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Showing posts from January, 2014

Henry the Young King's Household

On 14 June 1170 Henry the Young King was crowned co-king of England and established with a household of his own. The 12th century royal household consisted of two separate departments: the mesnie (military household) which together with the officers of the hall was a lay household and the Chancery which was the clerical household, and although Henry never ruled independantly his household was no different in this respect. Judging by his charters, however, the officers were mostly his father's men, at least in the earliest phase of his reign.*

Mesnie and lay officials
Henry's military household was fixed neither in size nor in composition (Painter, p.32). The number of knights and lay officials varied according to circumstances: "war and peace, sedentary periods and travel, great festivals or routine times.” (Bertlett, p.131) At the great tournament held at Lagni-sur-Marne in November 1179 to celebrate the coronation of Henry's brother-in-law, there were two hundred knig…

Henry the Young King's Brothers and Sisters

Today I will discuss briefly Henry's brothers and sisters, including his half-sisters and natural brothers. Eleanor of Aquitaine (1124-1204) and Henry II (1133-1189) had eight children together, seven of whom reached maturity. Moreover, Eleanor had two daughters by her first husband Louis VII of France (1120-1180), Marie (b.1145) and Alix (b.1151). Additionally Henry II fathered a few children born out of wedlock.
Henry the Young King’s eldest brother was William (1153-1156). He was the only child of Eleanor and Henry who failed to survive infancy. Two years older than Henry, he died in his third year and was buried at Reading Abbey, his great-grandfather, Henry I’s resting place. Upon his death, Henry (our Henry) became his father’s heir.
Richard(1157-1199), was Henry’s younger brother, who succeeded their father in 1189. He is most remembered as a crusader king, champion of Christendom, brilliant military commander and warrior. Formally recognised as the Duke of Aquitaine …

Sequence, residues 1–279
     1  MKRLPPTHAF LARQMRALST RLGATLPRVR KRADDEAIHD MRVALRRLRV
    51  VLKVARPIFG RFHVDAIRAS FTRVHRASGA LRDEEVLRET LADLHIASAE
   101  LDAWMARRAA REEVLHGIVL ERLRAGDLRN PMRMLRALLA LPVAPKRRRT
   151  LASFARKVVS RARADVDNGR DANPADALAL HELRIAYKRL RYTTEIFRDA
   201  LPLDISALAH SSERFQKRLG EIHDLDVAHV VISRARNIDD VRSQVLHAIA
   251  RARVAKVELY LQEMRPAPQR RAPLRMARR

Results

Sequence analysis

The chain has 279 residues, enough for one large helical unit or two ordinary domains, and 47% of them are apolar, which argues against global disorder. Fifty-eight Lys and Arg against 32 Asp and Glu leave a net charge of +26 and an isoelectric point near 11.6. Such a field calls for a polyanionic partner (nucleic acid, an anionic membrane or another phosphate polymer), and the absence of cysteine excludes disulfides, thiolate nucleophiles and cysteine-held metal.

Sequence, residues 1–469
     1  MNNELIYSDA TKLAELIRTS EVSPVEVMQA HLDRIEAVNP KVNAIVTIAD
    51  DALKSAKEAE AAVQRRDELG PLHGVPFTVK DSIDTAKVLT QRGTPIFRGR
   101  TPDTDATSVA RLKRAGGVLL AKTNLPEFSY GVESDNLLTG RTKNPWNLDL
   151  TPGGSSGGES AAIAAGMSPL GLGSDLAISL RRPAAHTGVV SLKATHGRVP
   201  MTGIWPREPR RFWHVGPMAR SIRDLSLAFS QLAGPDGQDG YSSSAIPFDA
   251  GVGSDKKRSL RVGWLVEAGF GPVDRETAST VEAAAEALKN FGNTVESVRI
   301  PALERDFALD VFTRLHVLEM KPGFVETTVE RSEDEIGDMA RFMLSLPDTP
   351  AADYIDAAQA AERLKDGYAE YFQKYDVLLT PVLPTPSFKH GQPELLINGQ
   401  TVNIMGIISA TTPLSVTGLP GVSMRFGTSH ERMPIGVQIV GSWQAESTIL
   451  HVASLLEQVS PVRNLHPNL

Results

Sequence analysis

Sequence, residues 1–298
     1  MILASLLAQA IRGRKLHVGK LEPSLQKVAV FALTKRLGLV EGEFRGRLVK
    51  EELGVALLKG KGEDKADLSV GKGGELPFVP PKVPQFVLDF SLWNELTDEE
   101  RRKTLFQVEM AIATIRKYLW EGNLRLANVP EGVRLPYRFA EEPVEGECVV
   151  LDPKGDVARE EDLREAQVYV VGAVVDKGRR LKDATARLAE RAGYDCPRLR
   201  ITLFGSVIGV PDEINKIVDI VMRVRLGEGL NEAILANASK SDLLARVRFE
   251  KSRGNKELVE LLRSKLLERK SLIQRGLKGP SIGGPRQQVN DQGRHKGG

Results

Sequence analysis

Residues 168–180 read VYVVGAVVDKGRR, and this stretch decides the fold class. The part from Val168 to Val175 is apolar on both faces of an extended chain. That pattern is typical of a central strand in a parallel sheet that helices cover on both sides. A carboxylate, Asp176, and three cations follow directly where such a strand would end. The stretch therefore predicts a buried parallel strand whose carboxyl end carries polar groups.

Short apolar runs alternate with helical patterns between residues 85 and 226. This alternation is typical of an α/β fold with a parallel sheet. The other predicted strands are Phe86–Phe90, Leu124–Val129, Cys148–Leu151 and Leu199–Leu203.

Conference at Montmirail. Epiphany Day 1169

Just a short note today, but the one that cannot be missed. On Epiphany Day 1169 Henry the Young King's father and Louis II of France held a conference at Montmirail, a town of Maine, near to the French frontier.Henry II’s three eldest sons were there, as well as Louis’s beloved Dieu-Donne [the God given] Philip [later Augustus]. 
According to the treaty the English princeswere to hold respectively: the young Henry Normandy, Brittany, Anjou and Maine, Richard Poitou and Guienne, Geoffrey Brittany under his brother Henry. It was also agreed that Richard would marry Alais, Louis's second daughter by his late wife Constance of Castile. Alais was the young Henry's sister-in-law. Furthermoreking Louis, the young Henry's father-in-law bestowed upon him the post of Seneschal of France, previously held by Theobald of Blois (the same year, on 2 February Henry, in person, would be attending Louis's table and performing his duties as required by the new position).
The next da…

Happy New Year And A Guest Post By Mr John Hinson

Happy New Year to Henry the Young King readers. May this coming year be a good one and see all our hopes fulfilled. It has already had an auspicous beginning: 21,000 views of our blog and a lovely New Year gift for our readers from a fellow Sharon Kay Penman's fan, John Hinson. John has kindly agreed to share with us his impressions after reading Devil's Brood, the novel in which Henry the Young King appears as one of the main characters. John wanted me to say that he has only been reading Miss Penman's books for a year now having an interest in history, but no in depth knowledge of the times. The author however has educated him so much that he feels confident to stand up and talk to a roomful of people about Medieval Europe! Over to you John....
Devil’s Brood was a truly exciting and educating read. Starting in a remote coastal outpost of medieval Wales, it chronicles the life of Henry II following the scandal of the murder of Thomas Becket. I found myself thoroughly absor…